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Steptoe Cyberblog

Category Archives: International

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Retain Locally, Comply Globally

Posted in International, Privacy Regulation, Security Programs & Policies

We used to talk about the “borderless” environment of the Internet.  These days, that view is looking increasingly outmoded and utopian, in large part because of the intersection of law enforcement and privacy concerns.  Steady increases in regulation (and enforcement of existing regulation) in these areas is increasingly prompting two types of responses by global… Continue Reading

European Court Invalidates Data Retention Directive, Time to Rethink

Posted in International, Privacy Regulation

Depending on the new Commission’s level of ambition when it takes office in the Autumn, this week’s European Court of Justice preliminary ruling (Cases C-293/12 and C-594/12), which found a 2006 Directive invalid, could prove an opportunity to re-think the EU approach to privacy and protecting personal data. When we think about the EU and… Continue Reading

Steptoe Cyberlaw Podcast – Interview with Michael Allen

Posted in Cybersecurity and Cyberwar, Data Breach, International, Privacy Regulation, Security Programs & Policies

Our special guest this week is Michael Allen, former Majority Staff Director of the House intelligence committee.  Mike is the founder of Beacon Global Strategies and the author of Blinking Red, the story of the creation of the Director of National Intelligence. We drag him into the program from the beginning, getting his take on… Continue Reading

Debating Snowden

Posted in Cybersecurity and Cyberwar, International, Privacy Regulation, Security Programs & Policies

For some reason, debates about Snowden are thick on the ground these days, and I’ve joined a couple of them. The most fun was the Oxford Union, which has been preparing future Parliamentarians (and Prime Ministers) all around the British Commonwealth since 1823. The Oxford Union debate was “This House would call Edward Snowden a… Continue Reading

Steptoe Cyberlaw Podcast – Interview with Jim Lewis

Posted in Cybersecurity and Cyberwar, International, Privacy Regulation, Security Programs & Policies

This week’s cyberlaw podcast begins as always with the week in NSA. We suspect that a second tech exec meeting with the President (for two hours!) bodes ill for the intelligence community, or at least the 215 metadata program, as does the shifting position of usually stalwart NSA supporters like Dianne Feinstein and Dutch Ruppersberger…. Continue Reading

Steptoe Cyberlaw Podcast – Interview with Dan Novack

Posted in Cybersecurity and Cyberwar, Data Breach, International, Privacy Regulation, Security Programs & Policies

This week’s podcast covers the latest on NSA.  We mock EFF overriding one of the privacy protections in NSA’s metadata program by killing the 5-year retention limit.  We puzzle over the New York Times story on “raw take.”  What exactly is the news there?  We also ask whether NSA and the telcos will end up… Continue Reading

Steptoe Cyberlaw Podcast – Interview with Adam Sedgewick

Posted in Cybersecurity and Cyberwar, Data Breach, International, Security Programs & Policies

In our ninth episode of the Steptoe Cyberlaw Podcast, Stewart Baker, Michael Vatis, and Jason Weinstein discuss: This week in NSA/Snowden: NSA weighs options for 215 data and the Office of the Director of National Intelligence will not disclose the study of storage options; GCHQ’s webcam captures; Canadian extradition flap; ABA President sends letter to… Continue Reading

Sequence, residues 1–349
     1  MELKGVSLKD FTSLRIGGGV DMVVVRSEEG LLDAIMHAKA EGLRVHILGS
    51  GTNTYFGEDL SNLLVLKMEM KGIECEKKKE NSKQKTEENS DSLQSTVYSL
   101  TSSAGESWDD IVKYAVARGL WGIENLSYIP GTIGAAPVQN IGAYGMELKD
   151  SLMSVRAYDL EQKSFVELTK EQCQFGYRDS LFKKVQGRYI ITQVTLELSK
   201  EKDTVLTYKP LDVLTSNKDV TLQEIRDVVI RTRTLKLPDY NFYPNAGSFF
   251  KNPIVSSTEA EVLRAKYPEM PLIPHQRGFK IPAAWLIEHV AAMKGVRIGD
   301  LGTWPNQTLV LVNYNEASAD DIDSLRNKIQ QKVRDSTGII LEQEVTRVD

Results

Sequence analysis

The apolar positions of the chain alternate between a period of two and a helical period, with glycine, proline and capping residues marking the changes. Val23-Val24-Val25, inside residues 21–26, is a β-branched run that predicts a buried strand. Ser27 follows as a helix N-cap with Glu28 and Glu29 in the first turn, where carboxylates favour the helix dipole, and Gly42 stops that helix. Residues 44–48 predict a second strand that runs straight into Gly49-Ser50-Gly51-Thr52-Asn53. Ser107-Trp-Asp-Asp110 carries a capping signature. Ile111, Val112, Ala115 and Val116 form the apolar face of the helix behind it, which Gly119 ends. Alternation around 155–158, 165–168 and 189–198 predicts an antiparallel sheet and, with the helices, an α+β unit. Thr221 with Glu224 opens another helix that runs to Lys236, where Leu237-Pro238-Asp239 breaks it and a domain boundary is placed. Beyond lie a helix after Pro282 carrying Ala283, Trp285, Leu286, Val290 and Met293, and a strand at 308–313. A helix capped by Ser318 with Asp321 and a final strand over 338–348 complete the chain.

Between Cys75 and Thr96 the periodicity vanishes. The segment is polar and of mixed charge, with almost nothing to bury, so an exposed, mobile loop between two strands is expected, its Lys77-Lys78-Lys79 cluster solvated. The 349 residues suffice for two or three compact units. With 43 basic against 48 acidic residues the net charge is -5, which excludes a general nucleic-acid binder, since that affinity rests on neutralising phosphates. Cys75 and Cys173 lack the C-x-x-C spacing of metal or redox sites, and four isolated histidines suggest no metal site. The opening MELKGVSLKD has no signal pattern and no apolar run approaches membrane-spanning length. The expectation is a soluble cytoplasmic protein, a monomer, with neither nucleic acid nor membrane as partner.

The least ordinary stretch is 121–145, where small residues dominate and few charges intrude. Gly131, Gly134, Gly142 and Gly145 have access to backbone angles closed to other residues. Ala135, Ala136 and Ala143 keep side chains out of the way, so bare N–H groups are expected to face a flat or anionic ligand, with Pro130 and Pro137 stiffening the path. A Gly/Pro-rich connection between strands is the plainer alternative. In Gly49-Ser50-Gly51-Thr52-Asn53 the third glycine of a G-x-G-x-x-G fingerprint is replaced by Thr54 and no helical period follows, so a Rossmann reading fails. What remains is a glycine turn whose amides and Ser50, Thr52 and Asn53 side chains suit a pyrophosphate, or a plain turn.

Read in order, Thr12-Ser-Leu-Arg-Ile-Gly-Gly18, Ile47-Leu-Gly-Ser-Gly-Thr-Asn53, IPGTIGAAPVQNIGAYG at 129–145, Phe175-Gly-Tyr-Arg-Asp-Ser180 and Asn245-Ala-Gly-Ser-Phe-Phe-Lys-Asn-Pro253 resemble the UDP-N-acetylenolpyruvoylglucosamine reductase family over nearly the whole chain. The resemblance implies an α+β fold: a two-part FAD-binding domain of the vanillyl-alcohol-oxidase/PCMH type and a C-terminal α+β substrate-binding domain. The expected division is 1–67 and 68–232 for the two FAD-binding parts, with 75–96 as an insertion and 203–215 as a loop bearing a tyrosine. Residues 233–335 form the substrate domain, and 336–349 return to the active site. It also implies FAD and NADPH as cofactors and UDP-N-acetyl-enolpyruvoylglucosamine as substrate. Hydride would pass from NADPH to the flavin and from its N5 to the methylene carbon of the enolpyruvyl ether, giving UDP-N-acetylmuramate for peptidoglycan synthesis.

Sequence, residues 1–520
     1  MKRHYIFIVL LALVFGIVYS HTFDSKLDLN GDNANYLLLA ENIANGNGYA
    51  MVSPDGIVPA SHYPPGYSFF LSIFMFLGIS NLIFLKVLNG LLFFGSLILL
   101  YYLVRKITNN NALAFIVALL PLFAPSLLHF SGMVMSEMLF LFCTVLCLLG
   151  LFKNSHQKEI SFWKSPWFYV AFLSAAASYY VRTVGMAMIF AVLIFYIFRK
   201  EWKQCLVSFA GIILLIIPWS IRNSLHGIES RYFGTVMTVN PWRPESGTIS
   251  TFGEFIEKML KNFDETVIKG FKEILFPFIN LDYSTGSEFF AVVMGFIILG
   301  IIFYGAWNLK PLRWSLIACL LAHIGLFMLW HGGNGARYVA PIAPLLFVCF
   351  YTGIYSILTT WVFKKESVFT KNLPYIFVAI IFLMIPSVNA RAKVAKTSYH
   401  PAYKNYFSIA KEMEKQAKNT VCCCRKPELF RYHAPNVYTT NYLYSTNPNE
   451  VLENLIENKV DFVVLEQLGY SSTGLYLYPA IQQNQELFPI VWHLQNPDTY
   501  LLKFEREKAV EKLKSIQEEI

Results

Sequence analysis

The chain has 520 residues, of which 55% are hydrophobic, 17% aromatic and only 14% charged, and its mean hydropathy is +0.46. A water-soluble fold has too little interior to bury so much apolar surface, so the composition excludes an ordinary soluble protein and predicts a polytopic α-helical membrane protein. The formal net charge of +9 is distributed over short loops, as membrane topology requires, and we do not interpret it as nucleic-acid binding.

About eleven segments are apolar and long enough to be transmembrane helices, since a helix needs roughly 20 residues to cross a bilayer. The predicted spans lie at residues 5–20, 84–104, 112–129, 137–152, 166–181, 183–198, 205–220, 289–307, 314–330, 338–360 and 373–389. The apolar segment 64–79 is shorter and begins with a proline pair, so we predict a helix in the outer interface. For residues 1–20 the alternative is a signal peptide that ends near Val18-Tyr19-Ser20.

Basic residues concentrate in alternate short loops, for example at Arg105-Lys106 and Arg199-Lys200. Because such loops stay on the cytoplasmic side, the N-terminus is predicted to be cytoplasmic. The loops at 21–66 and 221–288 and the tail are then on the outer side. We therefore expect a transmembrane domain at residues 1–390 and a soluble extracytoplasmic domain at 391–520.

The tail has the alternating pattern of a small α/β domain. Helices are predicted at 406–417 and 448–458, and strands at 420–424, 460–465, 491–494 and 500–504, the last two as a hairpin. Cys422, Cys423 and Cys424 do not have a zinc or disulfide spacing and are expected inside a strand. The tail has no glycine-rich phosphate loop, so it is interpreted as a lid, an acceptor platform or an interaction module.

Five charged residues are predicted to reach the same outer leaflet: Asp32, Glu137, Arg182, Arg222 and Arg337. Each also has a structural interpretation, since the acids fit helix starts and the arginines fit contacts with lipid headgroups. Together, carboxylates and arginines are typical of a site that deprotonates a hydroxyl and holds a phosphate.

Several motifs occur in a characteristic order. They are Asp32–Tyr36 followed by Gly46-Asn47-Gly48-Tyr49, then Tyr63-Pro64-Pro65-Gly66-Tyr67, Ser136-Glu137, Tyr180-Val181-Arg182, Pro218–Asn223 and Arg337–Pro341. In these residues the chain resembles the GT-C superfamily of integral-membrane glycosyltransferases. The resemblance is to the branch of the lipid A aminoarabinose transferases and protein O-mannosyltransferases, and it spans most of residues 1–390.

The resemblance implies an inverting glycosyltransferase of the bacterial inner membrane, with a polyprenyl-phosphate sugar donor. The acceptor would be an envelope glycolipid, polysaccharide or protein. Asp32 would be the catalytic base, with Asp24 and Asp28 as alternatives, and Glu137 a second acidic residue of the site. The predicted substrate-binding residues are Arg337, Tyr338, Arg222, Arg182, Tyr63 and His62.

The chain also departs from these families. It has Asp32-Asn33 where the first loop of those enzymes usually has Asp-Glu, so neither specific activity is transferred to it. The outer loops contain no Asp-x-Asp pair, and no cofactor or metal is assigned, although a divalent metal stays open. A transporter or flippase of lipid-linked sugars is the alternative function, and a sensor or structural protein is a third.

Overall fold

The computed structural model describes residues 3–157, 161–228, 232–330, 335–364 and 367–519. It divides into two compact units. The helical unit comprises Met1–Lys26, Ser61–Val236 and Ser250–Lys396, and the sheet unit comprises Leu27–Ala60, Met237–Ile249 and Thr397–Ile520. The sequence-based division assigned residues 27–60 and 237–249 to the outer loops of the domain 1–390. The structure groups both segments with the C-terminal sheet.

Steptoe Cyberlaw Podcast – Interview with Ed Stroz

Posted in Cybersecurity and Cyberwar, Data Breach, International, Security Programs & Policies

In our eighth episode of the Steptoe Cyberlaw Podcast, Stewart Baker, Michael Vatis, Jason Weinstein and guest commentators Stephen Heifetz and Stephanie Roy discuss: This week in NSA/Snowden: Law Firm Surveillance Report Cited in Legal Challenge and Report: American law firm’s communications spied on; Merkel Backs Plan to Keep European Data in Europe and EU… Continue Reading

Steptoe Cyberlaw Podcast – Interview with Chris Inglis

Posted in Cybersecurity and Cyberwar, International, Security Programs & Policies

In our third episode of the Steptoe Cyberlaw Podcast, Stewart Baker, Michael Vatis, and Jason Weinstein discuss the Aereo case that the Supreme Court has decided to hear; share their reactions to the President’s NSA announcement; explain what went on with Apple’s refund of in-app purchases; discuss NIST’s announcement that they would reduce the privacy… Continue Reading

Tightening the Screws on Chinese Investment

Posted in China, International, Security Programs & Policies

The Committee on Foreign Investment in the United States, or CFIUS, reviews foreign investments for national security risks. It is now beyond doubt that Chinese investment is getting much closer scrutiny from CFIUS. A total of ten transactions failed to survive review in 2012, according to a just-released Treasury report. That may not sound like… Continue Reading

New Controls on Surveillance and Hacking Tools?

Posted in Cybersecurity and Cyberwar, International, Security Programs & Policies

The old Cold War export control alliance, now known as the Wassenaar Arrangement, hasn’t exactly been a hotbed of new controls since Russia joined the club. But according to the Financial Times, the 41-nation group is preparing a broad new set of controls on complex surveillance and hacking software and cryptography. I suspect that the… Continue Reading

Hackback Backers’ Comeback?

Posted in China, Cybersecurity and Cyberwar, Data Breach, International, Security Programs & Policies